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In Mexico caravan, LGBTQ migrants stick together for safety

These asylum seekers have banded together for protection — not from the uncertainty of a journey fraught with danger, but from their fellow travelers.
Migrants stand on the race track at the Jesus Martinez stadium, which was turned into a makeshift shelter for the migrant caravan, in Mexico City.
Migrants stand on the race track at the Jesus Martinez stadium, which was turned into a makeshift shelter for the migrant caravan, in Mexico City on Nov. 4, 2018. The LGBTQ migrants have banded together for protection.Rodrigo Abd / AP

MATIAS ROMERO, Mexico — Dozens of transgender women and gay men in the caravan moving through Mexico with hopes of seeking asylum in the United States have banded together for protection — not from the uncertainty of a journey fraught with danger from the gangs who prey on migrants but from their fellow travelers.

Fleeing violence and discrimination back home because of their gender identity or sexual orientation, these LGBTQ migrants have found the journey north to be just as threatening amid catcalls and even physical abuse.

"Sweet little thing!" ''Baby, where you going?" ''How much do you charge?" These all-too-familiar jeers are spewed at them as they make their way with the caravan of several thousand.

Two transgender women apply makeup at a shelter in Cordoba, Mexico on Nov. 4, 2018.Rodrigo Abd / AP

Loly Mendez, a 28-year-old who began transitioning to a woman in her native El Salvador, knows all too well the dangers her fellow transgender migrants faced back home: Her best friend, also a transgender woman, was murdered for doing the same.

Then Loly herself began getting threats — "that if my breasts were going to grow, they would cut them off," she said. They were always anonymously delivered, which only made her more fearful and finally drove her to flee.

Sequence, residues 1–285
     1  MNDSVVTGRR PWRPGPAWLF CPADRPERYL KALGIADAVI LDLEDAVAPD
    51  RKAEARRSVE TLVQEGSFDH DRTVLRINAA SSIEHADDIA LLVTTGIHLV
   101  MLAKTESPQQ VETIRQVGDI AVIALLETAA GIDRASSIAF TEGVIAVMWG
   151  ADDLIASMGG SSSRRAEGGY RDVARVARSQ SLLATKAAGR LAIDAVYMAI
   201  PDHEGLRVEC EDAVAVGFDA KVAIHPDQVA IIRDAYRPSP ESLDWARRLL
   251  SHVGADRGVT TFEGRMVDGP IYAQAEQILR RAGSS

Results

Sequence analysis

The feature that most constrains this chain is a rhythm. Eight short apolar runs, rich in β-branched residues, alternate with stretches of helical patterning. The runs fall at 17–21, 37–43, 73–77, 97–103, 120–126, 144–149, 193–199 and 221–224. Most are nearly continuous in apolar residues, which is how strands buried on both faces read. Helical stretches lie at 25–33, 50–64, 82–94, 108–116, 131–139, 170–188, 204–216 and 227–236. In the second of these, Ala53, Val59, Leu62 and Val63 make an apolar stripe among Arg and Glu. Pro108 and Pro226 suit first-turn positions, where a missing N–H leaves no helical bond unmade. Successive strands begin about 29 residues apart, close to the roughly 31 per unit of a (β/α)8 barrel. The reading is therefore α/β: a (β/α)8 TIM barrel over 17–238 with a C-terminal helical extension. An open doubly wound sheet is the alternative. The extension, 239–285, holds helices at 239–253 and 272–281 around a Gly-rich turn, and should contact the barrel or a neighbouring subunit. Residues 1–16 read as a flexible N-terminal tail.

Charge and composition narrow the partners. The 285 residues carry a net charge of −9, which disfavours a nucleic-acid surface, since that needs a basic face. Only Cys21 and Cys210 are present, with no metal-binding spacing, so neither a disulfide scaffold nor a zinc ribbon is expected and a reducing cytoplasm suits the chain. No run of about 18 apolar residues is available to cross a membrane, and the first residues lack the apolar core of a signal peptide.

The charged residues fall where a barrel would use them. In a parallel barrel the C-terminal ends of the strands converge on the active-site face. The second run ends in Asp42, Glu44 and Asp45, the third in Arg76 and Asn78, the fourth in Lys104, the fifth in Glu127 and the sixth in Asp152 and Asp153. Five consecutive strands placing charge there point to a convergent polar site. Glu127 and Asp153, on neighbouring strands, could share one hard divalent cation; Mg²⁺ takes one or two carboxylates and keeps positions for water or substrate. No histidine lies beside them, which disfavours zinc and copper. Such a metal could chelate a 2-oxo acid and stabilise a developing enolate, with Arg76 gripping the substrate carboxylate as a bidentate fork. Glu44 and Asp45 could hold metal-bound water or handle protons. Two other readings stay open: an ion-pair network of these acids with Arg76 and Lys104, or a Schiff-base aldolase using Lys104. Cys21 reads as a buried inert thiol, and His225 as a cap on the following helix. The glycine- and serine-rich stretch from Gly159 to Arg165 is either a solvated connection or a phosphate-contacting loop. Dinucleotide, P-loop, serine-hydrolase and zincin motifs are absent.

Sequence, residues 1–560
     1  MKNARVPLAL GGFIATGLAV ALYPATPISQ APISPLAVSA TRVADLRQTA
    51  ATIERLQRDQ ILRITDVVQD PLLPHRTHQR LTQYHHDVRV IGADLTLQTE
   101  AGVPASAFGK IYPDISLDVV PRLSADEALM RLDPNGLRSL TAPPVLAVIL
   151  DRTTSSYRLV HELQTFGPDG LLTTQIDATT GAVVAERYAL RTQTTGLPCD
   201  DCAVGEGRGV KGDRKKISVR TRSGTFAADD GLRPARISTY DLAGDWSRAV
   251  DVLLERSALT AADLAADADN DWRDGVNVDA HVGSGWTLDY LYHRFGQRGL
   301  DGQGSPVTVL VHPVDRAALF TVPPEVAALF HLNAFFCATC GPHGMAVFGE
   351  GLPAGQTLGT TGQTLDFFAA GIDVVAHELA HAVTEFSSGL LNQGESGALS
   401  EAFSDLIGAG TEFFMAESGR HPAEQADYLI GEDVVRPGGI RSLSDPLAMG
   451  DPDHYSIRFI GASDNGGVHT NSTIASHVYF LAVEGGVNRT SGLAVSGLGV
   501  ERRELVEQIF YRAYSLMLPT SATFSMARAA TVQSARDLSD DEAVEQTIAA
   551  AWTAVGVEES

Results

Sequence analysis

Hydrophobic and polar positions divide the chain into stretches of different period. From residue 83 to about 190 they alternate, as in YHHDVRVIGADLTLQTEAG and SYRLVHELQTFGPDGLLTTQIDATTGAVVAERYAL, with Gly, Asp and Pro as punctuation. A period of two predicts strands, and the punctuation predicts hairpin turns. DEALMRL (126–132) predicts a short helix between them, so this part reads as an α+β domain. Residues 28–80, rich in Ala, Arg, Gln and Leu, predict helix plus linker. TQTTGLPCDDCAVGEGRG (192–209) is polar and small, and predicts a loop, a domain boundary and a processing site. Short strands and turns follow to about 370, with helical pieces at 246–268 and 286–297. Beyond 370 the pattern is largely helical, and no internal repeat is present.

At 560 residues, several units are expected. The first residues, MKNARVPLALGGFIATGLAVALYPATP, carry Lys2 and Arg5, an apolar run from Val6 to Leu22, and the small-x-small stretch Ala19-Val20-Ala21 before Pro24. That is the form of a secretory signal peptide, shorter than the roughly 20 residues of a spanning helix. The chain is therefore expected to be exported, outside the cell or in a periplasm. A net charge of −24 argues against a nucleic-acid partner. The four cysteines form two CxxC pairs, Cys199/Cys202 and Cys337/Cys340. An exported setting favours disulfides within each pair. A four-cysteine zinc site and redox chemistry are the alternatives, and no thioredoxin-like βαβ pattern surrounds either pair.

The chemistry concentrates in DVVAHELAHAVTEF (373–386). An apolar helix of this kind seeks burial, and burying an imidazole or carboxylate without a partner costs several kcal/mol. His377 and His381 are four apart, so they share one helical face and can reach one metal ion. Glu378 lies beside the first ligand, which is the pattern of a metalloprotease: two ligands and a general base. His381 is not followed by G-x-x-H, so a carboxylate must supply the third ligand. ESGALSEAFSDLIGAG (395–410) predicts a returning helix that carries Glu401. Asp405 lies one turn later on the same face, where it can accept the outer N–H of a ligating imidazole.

"In my country there is violence, a lack of work and opportunities," said Loly, who like many of the transgender women in the group preferred using only her first name. "In the caravan there is also violence — against the LGBTQ community."

Loly linked up with the caravan in Tapachula, in southern Mexico, and hopes to work in the United States and save up to start a beauty products company — perhaps in Los Angeles or New York. It's something she has planned for a long time, all the way down to the business' logo, but she's never had the money.

"I am going to a country where I know I will achieve my dreams," Loly said, hopefully.

A group of transgender women and gay men ride a subway into Mexico City while traveling with the migrant caravan on Nov. 8, 2018.Rodrigo Abd / AP

Reports are common in much of Central America of LGBTQ people being murdered, assaulted and discriminated against, due to their gender identity or sexual orientation.

But getting U.S. asylum is difficult even with proof someone has been the victim of persecution for being transgender, said Lynly Egyes, director of litigation at the Transgender Law Center in Oakland, California.

It often takes days or weeks for transgender immigrants to get a hearing before an asylum officer. If they are allowed to move forward in the process, many are traumatized and struggle to tell their story, Egyes said. They are also much less likely to be granted asylum without a lawyer.

"It is a horrifying process, and not everybody makes it through," she said.

In this Nov. 2, 2018 photo, members of the LGBTQ community who are traveling with the Central American migrants caravan hoping to reach the U.S. border, wait on the side of the road for a ride to Donaji, Mexico.Rodrigo Abd / AP

Many of the migrants have said they joined the caravan because it offered safety in numbers. The 50 or so LGBTQ migrants traveling together, most of them in their 20s but some as young as 17 or as old as 60, say they, too, banded together for safety — a sort of caravan within the caravan.

Sticking out in their bright-colored clothing and makeup, the group has suffered verbal harassment, especially from men, and has been the victim of robbery and other aggressions. One recent day as they walked in a row on the highway to Isla, in the Mexican Gulf coast state of Veracruz, a group of fellow migrants passed by on a flatbed truck and showered them with water, oranges, rinds and other refuse.